There has been quite a bit of chatter on the Food Blogger Pro Forum lately regarding Google Analytics and traffic spam. In fact, if I search “spam” in FBP I see 9 posts just in the month of May regarding spam referrals in Google Analytics. That’s a ton!
Because of the general concern regarding spam traffic in Google Analytics, I thought it would be helpful to do some digging and find out more about this spam traffic, what it means for your blog, and what you can do about it.
What is spam in Google Analytics?
Referrer spam, or just spam, in Google Analytics shows up in your “Referrals” and “Pageviews,” depending on the type of spam. These aren’t actually visitors to your site and can be spotted by their suspicious URLs. You’ll probably recognize some of the names below:
buttons-for-your-website.com, непереводимая.рф, sanjosestartups.com, savetubevideo.com, websites-reviews.com, darodar.com, buy-cheap-online.info, pornhub-forum.ga
Analytics spam can rear its ugly head in two different ways: Ghost Referrals or Crawler Referrals. Let’s get to know these guys.
Ghost Referral Spam
Ghost Referral Spam is the product of a loophole in the way Google Analytics functions. This loophole allows web developers to send data to your Google Analytics data without ever coming into contact with your site. While this may seem like something Google would patch up, it’s actually there for a reason.
This Measurement Protocol, as it is called, is there to allow developers to capture data about user activity in new web environments and when they are offline. These things aren’t too important for most food blogs, but they are important for other large online businesses.
Below are some examples of Ghost Referral Spam that you might find in your Analytics:
непереводимая.рф, sanjosestartups.com, websites-reviews.com, darodar.com, buy-cheap-online.info, pornhub-forum.ga
Because these ghost referrers do not physically access your site they cannot be blocked using the .htaccess file on your website, which physically bans specific domains from sending traffic to your site. Instead, these must be removed from your Analytics by filtering to allow only referrals from valid hostnames. I know – this sounds confusing. Don’t worry, I’ll explain in a minute.
Crawler Referral Spam
Crawler referral spam, on the other hand, does physically visit your site and pings your Analytics just like any other visitor would. Unfortunately, these bots, as they are called, ignore any rules you lay down in the robots.txt file, which is supposed to stop any unwanted bot activity.
Sometimes these bots can visit your website time after time after time for a short while, which can give you unrealistic peaks and valleys in your traffic.
Below are some examples of Crawler Referral Spam that you might find in your Analytics:
semalt.com, best-seo-solution.com, maridan.com.ua, blog.ranksonic.com
Because these crawlers do physically contact your site, you can eliminate them by blocking them in your .htaccess file. This file can block traffic from specific domains before they ever reach your site. Alternatively, you can filter them out of your Google Analytics by excluding specific referral sources. This is the approach we are going to take today.
Why are they doing this? What’s the point?
Stellar question! We know that most of them aren’t ever actually visiting your site, so they’re not gathering data or anything. And what does a bot have to gain by going to your site repeatedly, over and over again, just to find the same information that was there the first time they visited?
The answer is pretty simple – they just want to show up in your Analytics. That’s it. They just want you to see their name. Handy Dandy Google makes referrals in your Analytics clickable links, so when they show up in your stats you can click right on over to see what all this nonsense is about. And the minute you click over, you’re recorded as a visitor on their site. We all like visitors. We love them! So do spammers, but instead of working hard to find visitors, they go through the back door.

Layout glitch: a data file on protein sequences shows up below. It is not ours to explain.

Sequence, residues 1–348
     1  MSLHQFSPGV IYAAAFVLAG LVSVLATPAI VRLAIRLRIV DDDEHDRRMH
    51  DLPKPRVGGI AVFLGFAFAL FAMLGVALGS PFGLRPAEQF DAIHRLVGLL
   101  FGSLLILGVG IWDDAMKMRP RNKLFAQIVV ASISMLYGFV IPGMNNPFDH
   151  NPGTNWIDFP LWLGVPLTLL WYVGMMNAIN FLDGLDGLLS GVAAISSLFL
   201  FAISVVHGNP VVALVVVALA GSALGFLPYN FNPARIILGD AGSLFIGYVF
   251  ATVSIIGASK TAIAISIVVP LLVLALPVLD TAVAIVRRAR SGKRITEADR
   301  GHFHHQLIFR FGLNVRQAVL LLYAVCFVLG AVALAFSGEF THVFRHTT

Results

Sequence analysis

A very important thing to note is that you should never click these links unless you are positively sure the websites are legit. Otherwise, you may end up on a page you definitely don’t want to see or, worse, with a virus on your computer.
Does the spam traffic affect my site negatively?
The good news is that this spam traffic doesn’t have much of a negative effect on your site. The Ghost Referrals never actually go to your site, and the bots are just there momentarily.
What the spam does have a negative impact on is your statistics. On any given day it can seem like you’ve had more traffic than you’ve actually had. If you are digging in deep to your Analytics to do some trending on visitors to see which posts worked best, how they interact with your content, and how you best engage them, spam traffic can really cloud your view.
One thing that crawler spam usually does affect is bounce rate. Crawler bots always have a 100% bounce rate, which can make your bounce rate overall look higher than it actually is. This is fixed when you set up your filters (see resources below), but this raises the question – does your bounce rate affect your rankings in Google? Well, Google released a short video on this, and in a word: no. Google does not take any part of your site Analytics into account when they do their rankings.
Does the spam traffic affect my site positively?
Unless you like seeing the higher number of pageviews your site gets due to Crawler Referral Spam then no, the spam traffic does not affect your site or your Analytics positively at all.
How can I get rid of the spam traffic to my site?
I’m glad you asked! This is something I’ve been meaning to do with my personal blog for a while, so I jumped on this opportunity to learn by doing! In a nutshell, here’s what happens:
- Create a new “View” in your Analytics profile.
- Find out which hostnames are valid and which aren’t.